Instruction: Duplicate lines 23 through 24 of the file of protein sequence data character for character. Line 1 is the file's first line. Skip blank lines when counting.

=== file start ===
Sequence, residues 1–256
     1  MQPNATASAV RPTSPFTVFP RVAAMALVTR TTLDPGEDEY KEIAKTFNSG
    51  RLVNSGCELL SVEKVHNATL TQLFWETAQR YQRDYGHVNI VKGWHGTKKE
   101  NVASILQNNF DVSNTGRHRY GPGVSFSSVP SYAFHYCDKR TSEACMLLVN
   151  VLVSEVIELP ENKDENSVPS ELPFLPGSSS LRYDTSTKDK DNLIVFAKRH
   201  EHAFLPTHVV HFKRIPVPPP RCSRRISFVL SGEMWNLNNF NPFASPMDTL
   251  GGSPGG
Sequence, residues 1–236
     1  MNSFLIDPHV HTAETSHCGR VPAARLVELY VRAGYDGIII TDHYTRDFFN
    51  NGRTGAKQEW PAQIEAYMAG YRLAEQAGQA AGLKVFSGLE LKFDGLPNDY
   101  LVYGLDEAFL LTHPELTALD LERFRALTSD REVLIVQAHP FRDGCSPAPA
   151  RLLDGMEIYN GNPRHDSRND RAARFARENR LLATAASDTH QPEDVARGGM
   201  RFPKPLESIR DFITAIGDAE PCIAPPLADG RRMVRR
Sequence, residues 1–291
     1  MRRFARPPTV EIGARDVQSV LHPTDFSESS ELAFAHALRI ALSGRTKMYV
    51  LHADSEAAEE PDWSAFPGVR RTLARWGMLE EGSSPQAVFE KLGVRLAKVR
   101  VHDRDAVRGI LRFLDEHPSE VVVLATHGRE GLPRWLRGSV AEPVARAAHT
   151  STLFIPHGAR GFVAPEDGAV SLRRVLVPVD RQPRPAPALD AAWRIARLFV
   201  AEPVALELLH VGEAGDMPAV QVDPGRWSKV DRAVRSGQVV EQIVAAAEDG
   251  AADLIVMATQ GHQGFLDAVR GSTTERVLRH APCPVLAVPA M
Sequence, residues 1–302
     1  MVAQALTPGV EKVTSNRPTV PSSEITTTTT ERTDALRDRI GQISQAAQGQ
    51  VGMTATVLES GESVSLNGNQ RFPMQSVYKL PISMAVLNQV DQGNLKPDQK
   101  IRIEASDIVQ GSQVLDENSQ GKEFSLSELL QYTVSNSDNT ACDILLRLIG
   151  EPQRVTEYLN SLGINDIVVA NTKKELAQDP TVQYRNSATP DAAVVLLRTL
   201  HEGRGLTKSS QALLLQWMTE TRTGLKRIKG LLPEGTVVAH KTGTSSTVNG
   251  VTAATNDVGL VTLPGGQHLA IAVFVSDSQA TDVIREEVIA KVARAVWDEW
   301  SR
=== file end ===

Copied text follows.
    51  VGMTATVLES GESVSLNGNQ RFPMQSVYKL PISMAVLNQV DQGNLKPDQK
   101  IRIEASDIVQ GSQVLDENSQ GKEFSLSELL QYTVSNSDNT ACDILLRLIG